RUSSIA—Up to 300 ships have been stopped by Russian forces from departing the Black Sea, leaving one of the key global trade routes for grain virtually blocked.

Noriel Arauz, the administrator for the Panamanian Maritime Authority, added that three Panamanian-flagged ships have come under Russian fire since the invasion of Ukraine started. One of the ships sank and two others were damaged, while no one was injured.

World leaders are calling this a ‘deliberate attack’ on the global food supply chain. It has raised fears of political instability and shortages unless grain and other essential agricultural products are allowed to flow freely from Ukraine.

They called for international action to deliver 20 million tons of grain now trapped in Ukraine, predicting that the alternative could be hunger in some countries and political unrest in others, in what could be the gravest global repercussion yet of Russia’s assault on its neighbor.

Russia produces close to 80 million metric tons of wheat a year and exports close to 30 million tons, while Ukraine exports about 20 to 25 million tons a year.

Ukraine’s agriculture ministry says that the Black Sea blockade has prevented 14 million tons of corn, 7 million tons of wheat, and 3 million tons of sunflower seeds from reaching world markets.

European countries have tried to ease the crisis by moving grain out of the country by rail — but trains can carry only a small fraction of what Ukraine produces, and ships are needed for the bulk of the exports.

Russia’s navy now effectively controls all traffic in the northern third of the Black Sea, making it unsafe for commercial shipping.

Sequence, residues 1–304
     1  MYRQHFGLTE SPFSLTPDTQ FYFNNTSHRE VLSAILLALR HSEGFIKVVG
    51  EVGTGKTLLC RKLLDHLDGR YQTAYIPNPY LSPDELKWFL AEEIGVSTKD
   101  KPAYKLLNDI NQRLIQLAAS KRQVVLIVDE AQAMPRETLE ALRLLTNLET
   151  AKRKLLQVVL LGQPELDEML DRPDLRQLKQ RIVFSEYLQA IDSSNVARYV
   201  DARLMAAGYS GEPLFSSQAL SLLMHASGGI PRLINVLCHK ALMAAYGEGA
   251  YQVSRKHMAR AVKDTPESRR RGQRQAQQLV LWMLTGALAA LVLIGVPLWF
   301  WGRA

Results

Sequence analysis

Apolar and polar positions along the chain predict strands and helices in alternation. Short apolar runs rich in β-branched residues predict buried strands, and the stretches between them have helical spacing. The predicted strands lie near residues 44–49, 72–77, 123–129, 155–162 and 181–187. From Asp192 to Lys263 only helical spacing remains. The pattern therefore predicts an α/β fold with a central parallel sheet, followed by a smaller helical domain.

At the same time, the Russian Defense Ministry proposed corridors to allow foreign ships to leave ports along the Black Sea, as well as Mariupol on the Sea of Azov.

British Foreign Secretary Liz Truss said Putin was “trying to hold the world to ransom” by demanding some sanctions be lifted before allowing Ukrainian grain shipments to resume.

The United Nations’ International Maritime Organization (IMO) has called for so-called blue corridors to allow the ships to leave the Black Sea without the risk of attack or hitting a mine.

“The ongoing military action in the Black Sea and the Sea of Azov presents a serious and immediate threat to the safety and security of crews and vessels operating in the region,” IMO said in a statement released earlier this week.

IMO is currently liaising closely with all key stakeholders in the region to “contribute to attempts to address the safety and security of shipping” in the Black Sea region.

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